From the editor-in-chief


Eyes of the World


It was 12 years ago that the reality of the differences between medical practice in the United States and elsewhere really hit home. I was attending an educational meeting in St. Petersburg, Russia, and was having lunch with a retinal surgeon from Bulgaria. He was proudly informing me that, in his first year in practice, he was able to perform 50 scleral buckle procedures for repair of retinal detachments. When I asked if it was typical for a new physician to see 50 or more detachments in that period of time, he corrected me by indicating he had actually seen more than 200 detachments. He explained that the reason he had only done 50 operations was because he only had 25 pieces of suture, each of which could be cut in half and used for 1 operation. Because his last piece of suture was used, he was unable to perform surgery until he was able to acquire the critically needed material. I was shocked, having come from a country where we routinely discard multiple packages of open suture material with each case. That patients could not be treated due to a lack of simple suture materials was truly an eye-opening experience.

Since that time, I have no doubt that the situation has improved in many developing countries. But without question, some of the procedures, both diagnostic and therapeutic, that we take for granted here in the United States are limited in availability elsewhere. Many of the issues that I hear discussed at local and national meetings, such as new imaging and surgical instrumentation or the relative benefits of ranibizumab (Lucentis, Genentech) vs bevacizumab (Avastin, Genentech), are moot points in countries where the resources for even the basic necessities are lacking.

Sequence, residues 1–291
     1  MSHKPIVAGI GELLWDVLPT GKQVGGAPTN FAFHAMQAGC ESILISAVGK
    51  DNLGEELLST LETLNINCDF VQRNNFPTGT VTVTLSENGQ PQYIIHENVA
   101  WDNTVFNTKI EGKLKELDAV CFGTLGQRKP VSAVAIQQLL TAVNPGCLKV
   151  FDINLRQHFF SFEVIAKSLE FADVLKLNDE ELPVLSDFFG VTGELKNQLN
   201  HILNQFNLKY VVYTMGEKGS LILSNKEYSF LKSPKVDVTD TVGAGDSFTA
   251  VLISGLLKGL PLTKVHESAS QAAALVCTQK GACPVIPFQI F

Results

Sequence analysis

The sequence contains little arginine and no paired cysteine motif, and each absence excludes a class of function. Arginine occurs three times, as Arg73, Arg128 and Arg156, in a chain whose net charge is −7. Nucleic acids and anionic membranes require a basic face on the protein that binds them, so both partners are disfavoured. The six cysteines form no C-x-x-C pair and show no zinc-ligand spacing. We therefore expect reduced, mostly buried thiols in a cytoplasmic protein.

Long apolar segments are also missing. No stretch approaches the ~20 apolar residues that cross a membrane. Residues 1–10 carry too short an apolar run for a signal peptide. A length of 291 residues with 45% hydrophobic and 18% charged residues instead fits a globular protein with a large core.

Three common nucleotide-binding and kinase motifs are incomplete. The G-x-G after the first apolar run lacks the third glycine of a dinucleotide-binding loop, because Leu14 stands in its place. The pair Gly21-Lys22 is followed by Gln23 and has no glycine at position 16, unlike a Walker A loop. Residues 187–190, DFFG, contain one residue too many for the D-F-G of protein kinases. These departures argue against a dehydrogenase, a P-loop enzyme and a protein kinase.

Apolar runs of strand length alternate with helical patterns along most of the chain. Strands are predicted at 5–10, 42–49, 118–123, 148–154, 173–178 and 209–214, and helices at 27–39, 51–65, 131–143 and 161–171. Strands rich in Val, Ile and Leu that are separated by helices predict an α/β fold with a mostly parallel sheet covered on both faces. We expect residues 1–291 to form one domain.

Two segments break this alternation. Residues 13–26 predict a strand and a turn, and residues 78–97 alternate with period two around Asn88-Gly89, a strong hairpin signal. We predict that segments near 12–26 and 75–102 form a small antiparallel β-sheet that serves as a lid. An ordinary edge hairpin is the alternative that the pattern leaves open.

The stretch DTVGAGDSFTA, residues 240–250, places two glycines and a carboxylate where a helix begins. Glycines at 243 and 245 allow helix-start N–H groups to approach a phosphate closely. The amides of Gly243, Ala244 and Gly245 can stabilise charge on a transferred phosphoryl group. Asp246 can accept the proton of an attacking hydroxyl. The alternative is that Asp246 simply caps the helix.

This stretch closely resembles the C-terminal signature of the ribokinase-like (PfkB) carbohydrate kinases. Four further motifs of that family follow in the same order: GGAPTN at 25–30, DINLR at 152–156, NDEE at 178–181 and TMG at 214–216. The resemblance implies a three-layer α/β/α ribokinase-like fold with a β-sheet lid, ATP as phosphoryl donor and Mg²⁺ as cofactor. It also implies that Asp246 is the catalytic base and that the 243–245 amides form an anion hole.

Since its inception, Retinal Physician has attempted to be a comprehensive journal, addressing a wide range of topics confronting the retinal community throughout the world. Unfortunately, as a US-based publication, there is an inherent bias toward stories and issues that confront our local communities. As a first step in reaching out to retina specialists worldwide, we welcome the membership of the European VitreoRetinal Society (EVRS) as our newest partners in the Retinal Physician community.

In this issue, we are pleased to include a short introduction to the history of the EVRS and its role in promoting education within the European community on issues related to vitreoretinal surgery and retinal practice. We welcome their active participation in the discussions we publish, and we look forward to interactions between our communities. Going forward, we will be reaching out to other organizations throughout the world to truly encompass a more comprehensive audience. I firmly believe that, through a more global interaction among all members of the retinal community, we will achieve the best opportunities to advance our field for the benefit of our patients.